For calendar years 2011 and 2012 only - If “FICA wages” are not shown, compute chargeable wages by multiplying the FICA tax shown (including Medicare tax) by 17.699. Go to Step 9.
EXCEPTION: If you are aware of a reason other than a cafeteria plan that causes FICA wages to differ from the gross wages shown, or that causes the FICA tax to differ from 7.65% of gross wages or 5.65% in calendar years 2011 and 2012 only, (i.e. voluntary employee contribution) go to Step 5.
If neither “FICA wages” nor “FICA tax” (or a comparable term) is shown, go to Step 5.
Is the employer's payroll office located in your service area?
If yes, go to Step 7.
If no, go to Step 6.
Request a precedent from the employer's servicing FO. If none exists, ask the servicing FO to develop one per SI 00820.102D.2. in this section. Upon receipt of the precedent, compute chargeable wages. Retain a copy of the precedent.
Go to Step 8.
NOTE: If a precedent cannot be established (e.g., employer will not cooperate), do not attempt to determine whether certain pay slip entries represent cafeteria-plan itemizations; If employer will not verify wages, then develop wages using the appropriate source per SI 00820.130.
Contact the employer and develop a precedent per SI 00820.102D.2. in this section.
If a precedent can be established (including a negative precedent), use it to compute chargeable wages, retain it, and go to Step 8.
If a precedent cannot be established (e.g., employer refuses to cooperate), and employer will not verify wages, then develop wages using the appropriate source per SI 00820.130.
Document that a precedent exists and that there is, or is not, a cafeteria plan on EVID, or a MSSICS DROC screen and lock it. Fax the precedent into eView or CFRMS.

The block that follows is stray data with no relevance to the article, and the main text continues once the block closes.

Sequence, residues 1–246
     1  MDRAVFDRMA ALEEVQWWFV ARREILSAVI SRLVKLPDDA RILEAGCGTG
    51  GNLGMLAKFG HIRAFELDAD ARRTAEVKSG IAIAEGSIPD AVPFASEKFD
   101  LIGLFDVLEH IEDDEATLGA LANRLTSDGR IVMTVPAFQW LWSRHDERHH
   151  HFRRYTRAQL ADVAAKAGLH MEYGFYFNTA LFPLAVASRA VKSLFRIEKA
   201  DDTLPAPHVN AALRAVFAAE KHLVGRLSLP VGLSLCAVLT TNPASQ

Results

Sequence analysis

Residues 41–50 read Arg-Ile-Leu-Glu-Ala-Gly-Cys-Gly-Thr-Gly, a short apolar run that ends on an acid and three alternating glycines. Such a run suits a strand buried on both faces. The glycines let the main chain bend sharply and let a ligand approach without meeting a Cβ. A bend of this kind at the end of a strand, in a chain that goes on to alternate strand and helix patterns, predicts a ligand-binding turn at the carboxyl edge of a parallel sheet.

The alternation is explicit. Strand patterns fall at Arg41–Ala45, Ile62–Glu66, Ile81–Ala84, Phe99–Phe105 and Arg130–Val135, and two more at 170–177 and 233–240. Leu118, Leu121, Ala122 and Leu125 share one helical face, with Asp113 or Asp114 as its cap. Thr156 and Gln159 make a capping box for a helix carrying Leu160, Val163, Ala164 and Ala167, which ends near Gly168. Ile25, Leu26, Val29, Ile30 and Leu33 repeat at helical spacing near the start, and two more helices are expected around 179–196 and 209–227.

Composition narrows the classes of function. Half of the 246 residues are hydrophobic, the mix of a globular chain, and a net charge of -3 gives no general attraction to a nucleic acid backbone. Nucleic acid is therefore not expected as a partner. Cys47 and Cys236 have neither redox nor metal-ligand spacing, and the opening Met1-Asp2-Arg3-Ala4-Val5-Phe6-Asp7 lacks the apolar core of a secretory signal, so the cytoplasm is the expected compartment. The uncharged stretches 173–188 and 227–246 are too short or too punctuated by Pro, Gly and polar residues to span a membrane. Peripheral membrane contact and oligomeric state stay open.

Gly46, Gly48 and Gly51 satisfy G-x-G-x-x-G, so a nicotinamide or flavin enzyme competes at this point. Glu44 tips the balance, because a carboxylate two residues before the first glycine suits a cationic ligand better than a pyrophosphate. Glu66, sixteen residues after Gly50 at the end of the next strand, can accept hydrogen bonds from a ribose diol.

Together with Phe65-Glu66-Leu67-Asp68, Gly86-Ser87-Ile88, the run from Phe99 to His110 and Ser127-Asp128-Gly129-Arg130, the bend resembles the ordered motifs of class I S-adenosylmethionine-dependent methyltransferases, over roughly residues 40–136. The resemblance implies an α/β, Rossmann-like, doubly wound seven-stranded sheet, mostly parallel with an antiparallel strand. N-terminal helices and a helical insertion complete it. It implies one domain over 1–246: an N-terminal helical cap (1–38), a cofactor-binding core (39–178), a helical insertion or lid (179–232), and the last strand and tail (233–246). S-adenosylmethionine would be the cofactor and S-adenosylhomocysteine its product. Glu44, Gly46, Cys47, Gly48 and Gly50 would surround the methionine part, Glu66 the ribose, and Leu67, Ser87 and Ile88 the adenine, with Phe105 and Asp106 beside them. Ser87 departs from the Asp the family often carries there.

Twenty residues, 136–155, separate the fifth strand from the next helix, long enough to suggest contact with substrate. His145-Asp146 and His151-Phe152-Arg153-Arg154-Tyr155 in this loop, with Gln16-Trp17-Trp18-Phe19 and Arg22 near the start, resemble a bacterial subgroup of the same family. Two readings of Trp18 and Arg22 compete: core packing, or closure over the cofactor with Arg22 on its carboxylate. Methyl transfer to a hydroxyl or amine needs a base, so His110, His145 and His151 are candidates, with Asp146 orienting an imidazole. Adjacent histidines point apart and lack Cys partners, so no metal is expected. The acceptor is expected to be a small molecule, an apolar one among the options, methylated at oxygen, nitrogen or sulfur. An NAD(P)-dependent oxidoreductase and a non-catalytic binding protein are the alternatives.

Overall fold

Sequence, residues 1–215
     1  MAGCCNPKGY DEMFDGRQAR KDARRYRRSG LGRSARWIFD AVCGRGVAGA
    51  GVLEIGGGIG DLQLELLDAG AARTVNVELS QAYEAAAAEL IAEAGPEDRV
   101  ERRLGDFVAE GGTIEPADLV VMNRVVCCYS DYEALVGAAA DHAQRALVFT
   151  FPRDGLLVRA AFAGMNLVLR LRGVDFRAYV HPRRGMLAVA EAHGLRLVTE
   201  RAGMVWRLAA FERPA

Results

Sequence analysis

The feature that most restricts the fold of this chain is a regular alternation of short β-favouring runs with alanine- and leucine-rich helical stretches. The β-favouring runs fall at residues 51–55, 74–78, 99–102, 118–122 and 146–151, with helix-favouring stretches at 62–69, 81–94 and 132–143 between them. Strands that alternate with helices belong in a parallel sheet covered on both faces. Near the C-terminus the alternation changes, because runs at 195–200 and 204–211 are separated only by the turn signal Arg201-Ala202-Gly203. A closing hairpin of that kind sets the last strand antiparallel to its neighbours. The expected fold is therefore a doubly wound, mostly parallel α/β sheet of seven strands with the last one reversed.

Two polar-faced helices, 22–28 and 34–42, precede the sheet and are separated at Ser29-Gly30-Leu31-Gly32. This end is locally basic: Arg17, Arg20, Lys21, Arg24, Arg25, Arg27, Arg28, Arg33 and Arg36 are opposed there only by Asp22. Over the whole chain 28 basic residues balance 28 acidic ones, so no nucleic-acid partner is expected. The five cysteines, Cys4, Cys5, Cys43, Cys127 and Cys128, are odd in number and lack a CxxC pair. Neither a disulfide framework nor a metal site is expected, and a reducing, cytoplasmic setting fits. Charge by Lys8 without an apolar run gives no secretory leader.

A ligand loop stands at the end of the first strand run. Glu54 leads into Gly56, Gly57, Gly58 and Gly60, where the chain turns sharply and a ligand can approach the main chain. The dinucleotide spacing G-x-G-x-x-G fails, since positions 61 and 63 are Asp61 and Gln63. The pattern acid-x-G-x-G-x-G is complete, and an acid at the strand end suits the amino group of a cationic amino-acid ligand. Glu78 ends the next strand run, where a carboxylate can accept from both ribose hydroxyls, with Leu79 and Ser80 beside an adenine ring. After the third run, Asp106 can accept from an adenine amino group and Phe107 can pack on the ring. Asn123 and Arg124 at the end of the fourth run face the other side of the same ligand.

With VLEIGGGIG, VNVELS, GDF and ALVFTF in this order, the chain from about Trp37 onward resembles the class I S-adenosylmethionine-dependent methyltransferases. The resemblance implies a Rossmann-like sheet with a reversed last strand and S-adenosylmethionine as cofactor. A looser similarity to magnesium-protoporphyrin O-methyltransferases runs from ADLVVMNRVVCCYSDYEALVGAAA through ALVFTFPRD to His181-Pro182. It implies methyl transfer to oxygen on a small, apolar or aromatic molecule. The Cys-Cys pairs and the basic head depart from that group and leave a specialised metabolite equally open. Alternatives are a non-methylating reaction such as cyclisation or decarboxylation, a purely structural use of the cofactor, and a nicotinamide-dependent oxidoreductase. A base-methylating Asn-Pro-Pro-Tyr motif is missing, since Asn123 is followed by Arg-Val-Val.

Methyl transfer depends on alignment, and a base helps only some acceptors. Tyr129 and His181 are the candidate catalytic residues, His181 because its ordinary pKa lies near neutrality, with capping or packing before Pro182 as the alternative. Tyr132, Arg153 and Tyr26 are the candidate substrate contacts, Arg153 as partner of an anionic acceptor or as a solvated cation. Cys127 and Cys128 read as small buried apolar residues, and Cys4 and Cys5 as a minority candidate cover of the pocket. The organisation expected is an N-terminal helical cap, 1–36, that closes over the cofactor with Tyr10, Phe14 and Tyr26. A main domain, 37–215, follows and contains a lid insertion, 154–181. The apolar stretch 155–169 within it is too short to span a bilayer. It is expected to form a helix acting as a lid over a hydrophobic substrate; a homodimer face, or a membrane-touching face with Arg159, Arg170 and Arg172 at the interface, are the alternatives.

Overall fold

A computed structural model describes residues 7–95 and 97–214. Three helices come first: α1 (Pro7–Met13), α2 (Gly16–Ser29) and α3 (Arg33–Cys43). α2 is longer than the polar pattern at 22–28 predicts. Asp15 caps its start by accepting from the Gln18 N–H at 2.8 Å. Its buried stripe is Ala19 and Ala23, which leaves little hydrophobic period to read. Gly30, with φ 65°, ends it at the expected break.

For non-MSSICS situations, document on an SSA-5002 (Report of Contact) and fax it into the Non-Disability Repository (NDRED) or the Certified Electronic Folder (CEF), as appropriate.
Go to Step 9.
In the CG field, input the applicable code (below) followed by the month and year. In the remarks field of the SSID, show the employer's name, if applicable, and include any other useful information. Delete entries that no longer apply. (This aids in any future S2 alert developments.)
CAF1 - Claimant or recipient participates in a cafeteria plan.
CAF2 - Ineligible spouse participates in a cafeteria plan.
CAF3 - Eligible spouse participates in a cafeteria plan.
CAF4 - Father participates in a cafeteria plan.
CAF5 - Mother participates in a cafeteria plan.
CAF8 - Essential person who is not a living-with spouse or parent participates in a cafeteria plan.
CAF9 - Essential person who is a living-with spouse or parent participates in a cafeteria plan.
CAFN - No cafeteria plan exists.
CAFS - Sponsor of alien participates in a cafeteria plan.
E. Examples of cafeteria plans
1. Employee chooses not to join a cafeteria plan